Monday, June 06, 2011

Who are the Big Six? Why Should You Care?

The Big Six publishers, that most people can't even name anymore, have gobbled up smaller publishers to the point those of us who aren't publishers or agents don't know who is who. So I listed the Big Six below. It's worth your time to follow the links and read the overview of each history at About.com, where I cherry-picked key info for this post.

You'd think that these publishers could more than handle what you and I would like to publish, but they cannot. Besides being highly selective (look at the authors listed below), they have limited resources, regardless of how big they are and how many names are on their door.

Macmillan

Owned by the German company Holtzbrinck. Known for the following: St. Martin’s Press (also contains five imprints of its own and publishes commercial fiction to include authors Thomas Harris, Dan Brown and Janet Evanovich), Tor (sci-fi), Henry Holt (contains multiple imprints such as Times Books, Metropolitan Books, Henry Holt Books for Young Readers, Holt Paperbacks), and Farrar, Straus & Giroux (literary imprint).


Owned by the British conglomerate Pearson. Has over 50 imprints to include Riverhead Books (publishes commercial and literary works), Dutton (publishes commercial, literary and children’s books to include such authors as Joyce Carol Oates, John Irving and Gail Sheehy),  G.P. Putnam’s Sons (more hardcover bestsellers than any other in the industry to include Robin Cook, Tom Clancy, Clive Cussler, Nora Roberts and Amy Tan), Viking –(literary with names like John Steinbeck, Gloria Naylor and Geraldine), Portfolio (business books).


The biggest trade publisher in the world. Belongs to the German conglomerate Bertelsmann. Imprints include Doubleday Broadway (with several imprints of its own and includes authors Margaret Atwood, Suze Orman, Mitch Albom, and John Grisham), Alfred A. Knopf (literary fiction and nonfiction), Bantam Dell (commercial fiction to include authors Sophie Kinsella and Danielle Steel), Crown Publishing Group (has its own imprints Clarkson Potter for crafts and cooking, Three Rivers Press, and Crown).


Owned by CBS Corporation. Notable imprints include Scribner (literary and commercial imprint that published Hemingway, Fitzgerald, Thomas Wolfe, Edith Wharton, Annie Proulx, Stephen King and Frank McCourt), Simon & Schuster (the flagship imprint that publishes current affairs, biography and history to include Woodward and Bernstein’s All the President’s Men, Dale Carnegie, David McCullough, Larry McMurtry, Jimmy Carter and Bob Dylan), Free Press (imprint of politics and nonfiction to include Phil McGraw (aka Dr. Phil), Pocket (publishes MTV Books, G-Unit (Rapper 50 Cent’s imprint and is known for paperbacks).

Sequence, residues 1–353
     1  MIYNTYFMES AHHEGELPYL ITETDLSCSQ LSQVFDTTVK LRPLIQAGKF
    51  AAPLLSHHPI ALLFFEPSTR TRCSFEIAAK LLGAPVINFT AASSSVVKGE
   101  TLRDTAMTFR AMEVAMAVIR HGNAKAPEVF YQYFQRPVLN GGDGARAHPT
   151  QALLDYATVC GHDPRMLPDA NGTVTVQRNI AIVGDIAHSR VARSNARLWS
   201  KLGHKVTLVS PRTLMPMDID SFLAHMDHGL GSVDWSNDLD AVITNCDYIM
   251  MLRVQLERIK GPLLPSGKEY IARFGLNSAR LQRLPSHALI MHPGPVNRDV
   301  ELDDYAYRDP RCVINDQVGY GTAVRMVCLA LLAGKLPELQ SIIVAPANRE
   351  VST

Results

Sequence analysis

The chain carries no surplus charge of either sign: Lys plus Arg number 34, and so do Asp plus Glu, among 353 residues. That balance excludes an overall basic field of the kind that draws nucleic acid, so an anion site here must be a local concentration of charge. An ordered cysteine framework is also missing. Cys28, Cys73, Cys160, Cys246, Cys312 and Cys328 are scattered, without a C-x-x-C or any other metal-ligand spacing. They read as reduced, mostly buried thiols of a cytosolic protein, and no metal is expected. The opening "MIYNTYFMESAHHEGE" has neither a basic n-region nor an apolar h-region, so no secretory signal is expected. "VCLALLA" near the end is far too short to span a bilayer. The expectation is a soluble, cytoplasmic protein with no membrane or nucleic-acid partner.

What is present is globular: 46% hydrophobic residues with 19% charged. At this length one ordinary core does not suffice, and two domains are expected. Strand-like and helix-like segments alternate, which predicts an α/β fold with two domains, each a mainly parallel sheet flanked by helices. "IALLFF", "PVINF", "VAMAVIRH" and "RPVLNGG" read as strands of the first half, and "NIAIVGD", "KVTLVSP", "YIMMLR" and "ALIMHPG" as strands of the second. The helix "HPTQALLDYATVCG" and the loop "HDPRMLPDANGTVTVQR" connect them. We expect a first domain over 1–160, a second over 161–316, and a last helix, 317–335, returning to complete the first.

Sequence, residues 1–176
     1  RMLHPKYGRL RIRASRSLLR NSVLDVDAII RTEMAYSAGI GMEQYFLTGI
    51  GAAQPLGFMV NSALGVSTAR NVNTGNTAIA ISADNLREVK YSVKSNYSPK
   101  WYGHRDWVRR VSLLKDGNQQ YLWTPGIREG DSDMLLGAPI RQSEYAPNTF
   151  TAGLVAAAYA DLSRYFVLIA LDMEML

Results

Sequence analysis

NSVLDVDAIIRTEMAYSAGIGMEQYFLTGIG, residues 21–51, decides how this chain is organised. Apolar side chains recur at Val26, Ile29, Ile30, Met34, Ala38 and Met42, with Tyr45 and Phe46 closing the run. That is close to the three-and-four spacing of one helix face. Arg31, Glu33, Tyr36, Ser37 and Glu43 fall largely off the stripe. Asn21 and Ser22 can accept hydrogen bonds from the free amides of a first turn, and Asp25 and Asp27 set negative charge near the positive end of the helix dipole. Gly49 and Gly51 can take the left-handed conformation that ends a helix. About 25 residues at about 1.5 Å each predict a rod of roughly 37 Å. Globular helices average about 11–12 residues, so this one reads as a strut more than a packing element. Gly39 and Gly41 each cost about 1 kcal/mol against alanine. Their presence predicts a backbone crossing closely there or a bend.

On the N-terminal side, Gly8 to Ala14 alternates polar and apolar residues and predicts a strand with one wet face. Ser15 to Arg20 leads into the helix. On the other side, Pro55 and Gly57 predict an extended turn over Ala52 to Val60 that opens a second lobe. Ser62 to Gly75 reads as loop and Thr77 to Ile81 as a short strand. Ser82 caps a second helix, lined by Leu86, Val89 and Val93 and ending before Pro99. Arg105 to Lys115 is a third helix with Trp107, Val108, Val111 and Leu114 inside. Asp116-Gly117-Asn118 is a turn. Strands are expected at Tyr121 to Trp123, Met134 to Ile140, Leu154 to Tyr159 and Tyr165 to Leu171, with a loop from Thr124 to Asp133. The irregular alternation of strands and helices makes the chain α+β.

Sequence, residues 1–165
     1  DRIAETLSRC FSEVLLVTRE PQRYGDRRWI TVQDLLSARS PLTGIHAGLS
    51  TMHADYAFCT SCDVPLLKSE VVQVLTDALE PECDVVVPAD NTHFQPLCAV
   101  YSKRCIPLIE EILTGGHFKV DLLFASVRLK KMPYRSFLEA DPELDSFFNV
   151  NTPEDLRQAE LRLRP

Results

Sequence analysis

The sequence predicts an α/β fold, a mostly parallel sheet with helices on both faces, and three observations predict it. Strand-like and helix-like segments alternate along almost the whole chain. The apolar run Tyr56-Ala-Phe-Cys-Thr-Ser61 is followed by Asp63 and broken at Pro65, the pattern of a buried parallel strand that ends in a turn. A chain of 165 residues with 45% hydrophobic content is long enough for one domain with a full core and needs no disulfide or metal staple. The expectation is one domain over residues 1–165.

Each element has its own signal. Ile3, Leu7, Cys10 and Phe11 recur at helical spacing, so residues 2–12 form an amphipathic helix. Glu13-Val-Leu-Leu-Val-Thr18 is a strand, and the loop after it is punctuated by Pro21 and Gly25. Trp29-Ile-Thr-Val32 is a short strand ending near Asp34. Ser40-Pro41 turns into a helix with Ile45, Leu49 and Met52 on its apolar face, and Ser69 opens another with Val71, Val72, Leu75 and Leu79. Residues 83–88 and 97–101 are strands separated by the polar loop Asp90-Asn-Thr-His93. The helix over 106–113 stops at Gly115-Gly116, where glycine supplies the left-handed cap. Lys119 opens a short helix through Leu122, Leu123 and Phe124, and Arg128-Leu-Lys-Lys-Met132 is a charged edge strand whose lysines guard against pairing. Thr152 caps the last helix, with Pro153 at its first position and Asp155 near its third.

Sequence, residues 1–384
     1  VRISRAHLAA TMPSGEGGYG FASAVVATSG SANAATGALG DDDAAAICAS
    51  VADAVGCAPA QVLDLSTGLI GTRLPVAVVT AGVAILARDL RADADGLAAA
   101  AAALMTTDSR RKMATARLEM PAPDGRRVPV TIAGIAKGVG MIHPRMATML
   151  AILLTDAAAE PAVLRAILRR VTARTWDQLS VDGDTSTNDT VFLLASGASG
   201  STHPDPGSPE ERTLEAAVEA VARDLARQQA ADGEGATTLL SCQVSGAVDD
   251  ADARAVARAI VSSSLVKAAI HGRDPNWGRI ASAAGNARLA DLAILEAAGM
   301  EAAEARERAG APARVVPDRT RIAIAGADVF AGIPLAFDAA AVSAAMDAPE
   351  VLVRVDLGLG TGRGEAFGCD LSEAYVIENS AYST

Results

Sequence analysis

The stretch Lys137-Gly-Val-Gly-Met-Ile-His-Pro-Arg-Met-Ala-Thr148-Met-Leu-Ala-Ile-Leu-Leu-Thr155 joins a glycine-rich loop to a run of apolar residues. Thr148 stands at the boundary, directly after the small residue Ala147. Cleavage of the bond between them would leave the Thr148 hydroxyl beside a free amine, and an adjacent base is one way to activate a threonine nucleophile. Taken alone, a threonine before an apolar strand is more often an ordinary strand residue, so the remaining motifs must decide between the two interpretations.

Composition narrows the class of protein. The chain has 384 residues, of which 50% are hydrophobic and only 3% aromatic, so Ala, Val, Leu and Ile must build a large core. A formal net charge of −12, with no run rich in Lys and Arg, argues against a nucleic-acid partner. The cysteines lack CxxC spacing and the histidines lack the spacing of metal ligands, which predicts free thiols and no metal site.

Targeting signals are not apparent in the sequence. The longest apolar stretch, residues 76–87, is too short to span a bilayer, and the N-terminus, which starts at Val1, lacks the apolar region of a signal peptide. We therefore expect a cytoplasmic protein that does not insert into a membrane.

HBGUSA for short and formerly Warner Books. Owned by French company Hachette Livre. Known for imprints Little, Brown & Company (the oldest imprint and most literary - authors Stephenie Meyer, James Patterson, Michael Connelly, Alice Sebold, David Sedaris and David Foster Wallace), Grand Central (the largest imprint which has 12 imprints of its own with authors like David Baldacci and Douglas Preston), Orbit (sci-fi), and FaithWords (faith-based).


Belongs to Rupert Murdoch’s media empire, News Corp. Early authors included Mark Twain, Thackeray, Dickens and the Bronte sisters. Known for 20 imprints, some of which include Zondervan (Christian works), Collins (business, wellness to include authors Jim Collins and David Packard), William Morrow (publishes authors such as Elmore Leonard, John Grogan (Marley and Me), Dennis Lehane and Neil Gaiman), Amistad (African descent books and authors), Avon (publishes women’s fiction and romance) HarperEntertainment (publishes pop culture to include biographies like Rutger Hauer and Eminem).

In the last couple of decades, smaller publishers were gobbled up by conglomerates, that weren't neccessarily in the publishing business, and the Big Six came together. What often happens when big guys consume little guys, is a certain amount of homogenizing when the big boss has in his mind what his company is supposed to represent.

While we'd love to have those huge names in our portfolio, it's difficult to reach that high until you've proven yourself in a big way. So know the big publishers and understand who they are and how huge a ground they cover. Then take a look at mid-sized and small publishers.

Smaller publishers are open to more diversified voices, lesser known names and risk. You can reach the editors with a phone call, discuss marketing, and keep your book in print a lot longer as you fight to create that platform.

These days, it's fast becoming a career path to self-publish, jump to a small publisher, then become recognized by a large publisher. But you can choose your own path. Sell a gazillion ebooks and jump to St Martin. Publish with Pocket Books and drop down to self-publishing once you have your platform. But whichever turn you make, whatever path you take, understand all the players and levels. Informed decisions are always the best.

4 comments:

Sarah Pearson said...

Thank you for this. It's hard to keep them all straight!

Karen Lange said...

Thanks for the info. Was thinking about this the other day and couldn't think of all of them.

Diva J. said...

Hope,
Glad to know I'm heading into the RIGHT direction instead of backwards. Great information!

Bryan Thomas said...

Thanks for the information. It's clear that the entire writing and publishing industry is in transition.